Just some disgusting mold actually made nearly $15,000, the equivalent of 100,209 yuan.
the outside world to see the lively, the inside doorman! When you know it's from Dr. Fleming's hands, you don't think it's ridiculous.
Bonhams auctioned Off Dr Alexander Fleming's mold on March 1st, with a handwritten note from Dr Fleming describing it as the first time it had been used to make penicillin.
, who has not been named, is a big buyer for the high-tech "antique mold."
Fleming found penicillin.
in 1945, he shared the Nobel Prize in Medicine with Ernst Boris Chain and Howard Walter Nobel.
there's no doubt that the mold belongs to Fleming, but no one really knows if it came from the first batch of yellow penicillin that Fleming used to experiment with.
it took Fleming many years to bring his work to the attention of the scientific community.
when he succeeded in getting the spotlight, he began filling them with round glass and giving them as gifts to dignitaries and scientists.
dozens of people, including Pope Pius II, Winston Churchill and Marlene Dele, have received these mold gifts in the past few years.
, according to Kevin Brown, archivist at the Alexander Fleming Laboratory Museum, not everyone who received the gift was happy with the world-changing mold, which can fight infection.
particular need to be noted is Queen Elizabeth's husband, Prince Philip, who has received such gifts many times but has never actually accepted them.
whenever he met Fleming, he received a mold gift from Fleming, " he said.
," Brown said.
to be honest, mold is quite disgusting.
understandably, if someone is overwhelmed by such a gift.
at the time, people probably didn't realize penicillin was so important.
estimates that Fleming's discovery has saved between 80 million and 200 million people.
now, this disgusting but life-saving "antique" is owned by a rich man.
The matter has also generated some controversy: it has been pointed out that Fleming, despite his discovery of penicillin, has published only two papers, and that the possible medical value of penicillin has been explicitly mentioned only once in his second paper, "Penicillin or a chemical of a similar nature may be used for the treatment of septic wounds", which is the only prediction he has made about the function of penicillin.
Even in a speech commemorating Fleming's contribution, it was pointed out that Fleming's landmark 1929 paper, published in France in 1928, was a monograph devoted to the literature on mold and other bacteria, and on the observation of antibacterial bacteria, to show that Fleming did not really understand the value of penicillin.
After, Fleming did not actively separate purified penicillin, nor did he actively promote penicillin research to make it a therapeutic drug (both of which were made by the Oxford team, of which Flori and Chan were the main personnel).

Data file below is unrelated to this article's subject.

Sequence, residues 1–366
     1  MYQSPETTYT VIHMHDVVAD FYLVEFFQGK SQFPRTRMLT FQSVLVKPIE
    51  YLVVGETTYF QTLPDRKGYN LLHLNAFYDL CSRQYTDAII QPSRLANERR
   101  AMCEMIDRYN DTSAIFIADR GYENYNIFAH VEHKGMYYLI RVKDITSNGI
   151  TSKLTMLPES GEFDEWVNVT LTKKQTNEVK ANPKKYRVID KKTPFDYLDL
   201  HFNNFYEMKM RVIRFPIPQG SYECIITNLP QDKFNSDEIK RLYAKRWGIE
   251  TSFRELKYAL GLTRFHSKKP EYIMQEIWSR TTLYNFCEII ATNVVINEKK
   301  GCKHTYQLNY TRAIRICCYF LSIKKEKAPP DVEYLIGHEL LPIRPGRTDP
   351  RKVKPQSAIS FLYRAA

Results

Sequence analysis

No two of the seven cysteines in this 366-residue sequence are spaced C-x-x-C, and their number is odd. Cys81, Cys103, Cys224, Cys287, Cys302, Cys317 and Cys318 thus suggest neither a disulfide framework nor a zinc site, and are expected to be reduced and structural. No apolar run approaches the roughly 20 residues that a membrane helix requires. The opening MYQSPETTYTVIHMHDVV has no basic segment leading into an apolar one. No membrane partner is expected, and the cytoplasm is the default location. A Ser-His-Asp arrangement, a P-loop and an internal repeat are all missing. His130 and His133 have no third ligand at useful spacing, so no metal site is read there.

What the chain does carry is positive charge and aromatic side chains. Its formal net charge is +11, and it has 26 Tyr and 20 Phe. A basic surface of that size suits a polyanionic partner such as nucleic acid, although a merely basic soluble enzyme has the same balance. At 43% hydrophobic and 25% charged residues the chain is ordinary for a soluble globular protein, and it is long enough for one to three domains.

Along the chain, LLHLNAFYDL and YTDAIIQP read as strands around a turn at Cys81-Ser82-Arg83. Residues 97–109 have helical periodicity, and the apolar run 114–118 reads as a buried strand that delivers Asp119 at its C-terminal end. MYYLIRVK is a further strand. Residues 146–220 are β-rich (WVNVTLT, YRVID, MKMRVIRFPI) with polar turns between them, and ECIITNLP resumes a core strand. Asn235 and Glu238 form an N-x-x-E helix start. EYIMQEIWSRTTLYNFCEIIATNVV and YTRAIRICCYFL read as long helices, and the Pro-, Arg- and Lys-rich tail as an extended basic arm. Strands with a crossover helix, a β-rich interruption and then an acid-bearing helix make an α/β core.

didn't even properly preserve the penicillin species he found, but Raistrcik, a visionary professor at the London School of Hygiene and Tropical Medicine, kept it and handed it over to the Oxford team.
Others believe that penicillin can be rapidly widely used in clinical areas, thanks to the brutal Second World War and Japan's attack on Pearl Harbor, prompting the United States to join the war, otherwise Chan may not be able to successfully lobby the United States into penicillin research and development.
, the separation and purification of penicillin is extremely difficult, and its aqueous solution is extremely unstable and easily decomposed.
is highly lethal to guinea pigs when the substance is used orally, and no one would think the drug is worth developing as it is now.
strains that Fleming first discovered were extremely low-yielding.
high-yield strains were found in the United States, and a number of key technologies and clinical studies were conducted in the United States.
also accused the initial media campaign of being entirely Fleming's personal stage.
and hard work done by the Oxford team, which was either ignored or brought along, was forgotten.
not the Oxford team, and even if Fleming did, he couldn't make drugs.
this, in the 1999 issue of U.S. News and World Report, intriguing captions were assosted to three people who had won the Nobel Prize in 1945.
Fleming - he didn't turn his back on photographers; Flori - was cold to the press; and Chann, a young biochemist, analyzed and purified penicillin.
Despite Fleming's criticism, there is no doubt that penicillin has saved millions of lives and will certainly continue to save many more in the future, much of the credit to Fleming, who made the most important discovery.
As Harris, head of the Department of Pathology at Oxford, put it: "Without Fleming, there would be no money and Flori; without Chann, there would be no Flori; without Flori, there would be no Heatley; and without Hitley, there would be no Panicillin."